# On the resolution of Differential Equations

Say one wants to solve

$y' = ry$

I was told that there was a problem with doing

$y' = \frac{\text{d}y}{\text{d}t} = ry \iff \int_{y_0}^{y*} \frac{\text{d}y}{y} = r \int_{t_0}^{t*} \text{d}t$

Note that by rearranging terms like this, I assume that $y$ cannot be $0 \ \forall t\in \mathbb{R}_{\geq 0}$. Since my discussant was aware of this assumption, whether $y$ may or may not happen to be $0$ is not the point.

Commonly $t_0 = 0$ and it follows that

$[\ln y]_{y_0}^{y*} = rt^{*} \iff y^{*} = y_{0} e^{rt^{*}}$

What is wrong with this approach ?

I guess that the problem relates to moving infinitesimals. Here and there, it reads that doing so "succeeds in producing outcomes that are checkable" while involving "just a syntactical device".

Putting aside the question about the resolution, what if the DE was not that direct, say, a second order DE, like $y''= y^{-n}$. Is there something wrong with implying that $\int_{y_0}^{y*} y^n \text{d}^2y = \int_{t_0}^{t*} \text{d}^2t$?

My intuition is that it is correct as long as one, e.g. does not simplify multiple infinitesimals which would have the same name before getting sure that they really are the same thing. Moreover, what is surprising is how the "prime" notation does not allow to follow "my" approach.

Can the fact that there is not just one "theory of integration" be considered as a final answer to those who see a problem with the approach followed above?

This question has been downvoted at least twice with no explanation. I would be glad to know why.
BTW, again today, with all due respect to those who gave me an answer, I have been told (by an applied mathematician) that they are problems with doing what I present above, arguing that moving infinitesimals was not allowed simply because of its maths-artefact nature, just as the "prime" notation is: "how would you break/move/rearrange an expressions involving the prime notation?". How can someone, with a proven legitimacy in mathematics, tell me that there is a problem with doing so, while at the same time some MSE users -- see comments -- tell me that there is no problem and that my question is "trivial". Isn't mathematic an objective consensus based on rigorous arguments?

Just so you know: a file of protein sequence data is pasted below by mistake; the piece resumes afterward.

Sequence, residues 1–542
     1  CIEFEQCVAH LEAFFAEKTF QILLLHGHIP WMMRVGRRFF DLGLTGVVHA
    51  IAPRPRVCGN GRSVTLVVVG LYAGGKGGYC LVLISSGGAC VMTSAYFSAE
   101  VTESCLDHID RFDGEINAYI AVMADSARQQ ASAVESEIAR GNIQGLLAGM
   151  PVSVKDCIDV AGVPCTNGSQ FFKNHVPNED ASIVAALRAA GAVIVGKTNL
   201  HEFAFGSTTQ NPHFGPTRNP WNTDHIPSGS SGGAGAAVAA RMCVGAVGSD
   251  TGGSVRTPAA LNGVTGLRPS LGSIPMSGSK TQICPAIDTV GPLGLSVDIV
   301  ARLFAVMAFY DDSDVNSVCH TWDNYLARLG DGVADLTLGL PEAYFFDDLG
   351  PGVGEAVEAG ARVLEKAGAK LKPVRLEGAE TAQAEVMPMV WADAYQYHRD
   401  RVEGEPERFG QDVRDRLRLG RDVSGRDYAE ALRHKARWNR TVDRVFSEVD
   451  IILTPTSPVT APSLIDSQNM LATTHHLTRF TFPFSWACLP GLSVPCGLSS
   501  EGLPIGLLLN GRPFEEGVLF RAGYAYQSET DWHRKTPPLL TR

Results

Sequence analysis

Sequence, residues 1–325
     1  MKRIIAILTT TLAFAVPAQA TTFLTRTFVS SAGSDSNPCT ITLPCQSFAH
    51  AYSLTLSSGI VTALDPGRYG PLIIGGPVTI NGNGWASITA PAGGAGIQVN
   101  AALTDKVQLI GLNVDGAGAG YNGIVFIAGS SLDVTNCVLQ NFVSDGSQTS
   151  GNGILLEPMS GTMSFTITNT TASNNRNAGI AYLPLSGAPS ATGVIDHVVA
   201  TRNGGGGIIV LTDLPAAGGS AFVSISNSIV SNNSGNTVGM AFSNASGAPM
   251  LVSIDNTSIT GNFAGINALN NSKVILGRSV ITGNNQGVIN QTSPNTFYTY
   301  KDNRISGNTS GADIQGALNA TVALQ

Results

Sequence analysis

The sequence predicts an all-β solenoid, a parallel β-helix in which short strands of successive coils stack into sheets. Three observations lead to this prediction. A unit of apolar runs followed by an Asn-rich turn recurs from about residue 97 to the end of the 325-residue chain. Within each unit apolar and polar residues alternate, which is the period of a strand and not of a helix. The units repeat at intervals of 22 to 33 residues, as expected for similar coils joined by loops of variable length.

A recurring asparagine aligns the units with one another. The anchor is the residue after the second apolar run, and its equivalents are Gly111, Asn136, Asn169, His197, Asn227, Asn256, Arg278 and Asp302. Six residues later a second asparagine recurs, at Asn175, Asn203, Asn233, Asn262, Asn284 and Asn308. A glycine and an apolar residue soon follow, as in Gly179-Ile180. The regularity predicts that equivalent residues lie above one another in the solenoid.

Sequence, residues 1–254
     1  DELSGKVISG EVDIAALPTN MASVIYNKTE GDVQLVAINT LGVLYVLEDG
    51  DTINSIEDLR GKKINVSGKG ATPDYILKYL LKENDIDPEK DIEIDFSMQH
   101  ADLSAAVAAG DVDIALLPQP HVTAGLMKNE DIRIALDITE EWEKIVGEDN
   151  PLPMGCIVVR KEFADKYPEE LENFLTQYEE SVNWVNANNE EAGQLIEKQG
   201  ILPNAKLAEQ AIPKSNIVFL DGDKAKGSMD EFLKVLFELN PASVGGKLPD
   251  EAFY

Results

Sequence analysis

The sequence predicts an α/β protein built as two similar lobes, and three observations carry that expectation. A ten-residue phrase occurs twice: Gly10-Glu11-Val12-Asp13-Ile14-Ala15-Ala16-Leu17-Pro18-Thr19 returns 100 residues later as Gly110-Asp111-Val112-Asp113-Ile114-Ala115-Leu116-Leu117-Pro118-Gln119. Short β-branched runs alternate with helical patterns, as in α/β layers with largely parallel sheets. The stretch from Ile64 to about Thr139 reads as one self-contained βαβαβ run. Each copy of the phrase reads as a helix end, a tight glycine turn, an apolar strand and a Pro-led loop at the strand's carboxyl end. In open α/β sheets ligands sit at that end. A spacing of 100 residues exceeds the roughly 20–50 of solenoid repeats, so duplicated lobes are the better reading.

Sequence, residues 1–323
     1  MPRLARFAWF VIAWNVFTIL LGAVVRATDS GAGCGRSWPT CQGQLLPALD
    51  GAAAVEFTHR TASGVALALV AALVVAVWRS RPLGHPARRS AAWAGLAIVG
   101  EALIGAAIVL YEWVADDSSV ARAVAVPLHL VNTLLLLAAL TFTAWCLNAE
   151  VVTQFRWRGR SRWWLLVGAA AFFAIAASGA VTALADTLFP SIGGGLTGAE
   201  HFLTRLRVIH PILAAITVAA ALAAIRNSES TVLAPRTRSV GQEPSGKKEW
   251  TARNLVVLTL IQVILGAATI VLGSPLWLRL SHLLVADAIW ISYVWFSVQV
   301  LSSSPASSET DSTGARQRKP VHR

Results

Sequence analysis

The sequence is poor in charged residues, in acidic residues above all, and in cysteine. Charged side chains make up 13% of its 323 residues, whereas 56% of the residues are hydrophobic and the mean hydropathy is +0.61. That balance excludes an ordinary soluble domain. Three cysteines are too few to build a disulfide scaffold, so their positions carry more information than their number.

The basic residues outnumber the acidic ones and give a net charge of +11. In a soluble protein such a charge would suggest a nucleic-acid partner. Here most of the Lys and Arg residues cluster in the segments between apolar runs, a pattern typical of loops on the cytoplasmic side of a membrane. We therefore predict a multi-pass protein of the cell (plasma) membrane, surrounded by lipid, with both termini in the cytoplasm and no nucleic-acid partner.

• There is absolutely nothing wrong with this approach. – jcandy Oct 22 '17 at 6:23
• Applying $\int dt$ to both sides yields the same result \begin{align} y' &= ry \\ \implies \frac{y'}{y} &= r \\ \implies \int_{0}^{t} \frac{y'}{y} dt' &= \int_{0}^{t} r dt' \\ \implies \ln(y(t')) |_{0}^{t} &= rt' |_{0}^{t} \\ \end{align} 'Playing with infinitisimals' seems to be more for pedagogical purposes. – Mattos Oct 22 '17 at 12:04
• @Mattos Sorry, but to me this is overkill and increases the pedagogical issue. $dy$ is highly meaningful, why not make it explicit. Moreover, your two final lines necessarily implies to explicit it. Without this, getting the $\ln$ term simply relies to memory rather than to understanding. – keepAlive Oct 22 '17 at 12:13
• 'Sorry, but to me this is overkill and increases the pedagogical issue'. That is exactly what was implied by my statement "playing with infinitisimals seems to be more for pedagogical purposes". And that statement is only true in the sense of helping a student how to actually solve the relevant integral. So when you wrote '.. would it be right to rearrange it as $y^{n} d^{2} y = dt^{2}$' I would argue that this stand alone expression, as written, means nothing and so no, it would not be correct. – Mattos Oct 22 '17 at 12:32
• @YvesDaoust Of course in general that is true, but it was stated up front that $y(t)$ was nonzero. So, the question is: what, other than the trivial solution $y(t)=0$, is wrong. And I think the answer is "nothing". – jcandy Oct 22 '17 at 21:52

The problem is obviously that you cannot write $\dfrac{dy}y$ if $y$ happens to be $0$, as this yields an improper integral (which does not converge).
• if $y(t)=0$ for some $t$, then $y'(t)=0$ and $y(t)=\text{Cst}=0$ is the solution;
• if $y(t)\ne0$, then $\dfrac{y'(t)}{y(t)}=r$ and $y(t)=y_0e^{rt}$ is the solution, as it fulfills the equation and verifies $y(t)\ne0$.
• Thx. You are right I simply omitted to mention that I assume that $y$ cannot be $0$. See update. – keepAlive Oct 22 '17 at 20:54